The Turkish minister added that two people brought to Turkey had died.
"We have evidence suggesting that the attack in Idlib was a chemical attack," Akdag said, without giving further detail.
He added the information was being documented and would be sent to the World Health Organisation.
The wounded were brought from Idlib through Turkey's Cilvegozu border gate for the treatment in the Reyhanli district of Turkey's southern Hatay province.
They were treated by a special team from Turkey's AFAD emergencies agency using special protective gear.
Some 20 children were among the dead after airplanes carrying out strikes released "toxic gas", according to witnesses and a monitoring group.
Hours after the attack, Turkish President Recep Tayyip Erdogan told his Russian counterpart Vladimir Putin by phone that "this kind of inhuman attack was unacceptable".
Erdogan's spokesman Ibrahim Kalin said the incident had been carried out by President Bashar al-Assad's regime, adding it was a "war crime and a crime against humanity."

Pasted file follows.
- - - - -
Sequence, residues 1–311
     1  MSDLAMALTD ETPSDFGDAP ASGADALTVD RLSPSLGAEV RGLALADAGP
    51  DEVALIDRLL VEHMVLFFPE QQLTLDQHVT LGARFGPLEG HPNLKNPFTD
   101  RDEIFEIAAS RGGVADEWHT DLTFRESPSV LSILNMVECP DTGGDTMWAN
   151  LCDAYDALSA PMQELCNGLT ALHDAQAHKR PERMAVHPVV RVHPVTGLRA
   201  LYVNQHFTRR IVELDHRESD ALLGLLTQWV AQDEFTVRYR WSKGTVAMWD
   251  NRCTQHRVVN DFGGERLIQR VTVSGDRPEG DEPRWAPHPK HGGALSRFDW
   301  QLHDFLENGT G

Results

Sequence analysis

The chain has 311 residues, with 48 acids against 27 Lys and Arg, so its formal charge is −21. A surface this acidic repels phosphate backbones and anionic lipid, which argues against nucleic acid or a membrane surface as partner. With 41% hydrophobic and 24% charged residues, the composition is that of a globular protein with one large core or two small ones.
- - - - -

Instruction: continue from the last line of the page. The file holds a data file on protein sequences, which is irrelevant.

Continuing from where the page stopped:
Russia said a Syrian air strike had hit a "terrorist warehouse".
Turkey has been a major foe of Assad's regime in Syria throughout the Syrian civil war.
But in the last months Ankara has deepened ties with Assad's ally Russia, co-brokering a ceasefire that until now had drastically reduced the levels of violence.
Yet Turkish Foreign Minister Mevlut Cavusoglu strongly criticised US Secretary of State Rex Tillerson for saying the fate of Assad was up to the Syrian people.
"Those who say, 'the people of Syria will decide the fate of Assad' should see that if it continues this way, there will no longer be anyone to make a decision about Assad," Cavusoglu said on Tuesday, quoted by state-run news agency Anadolu.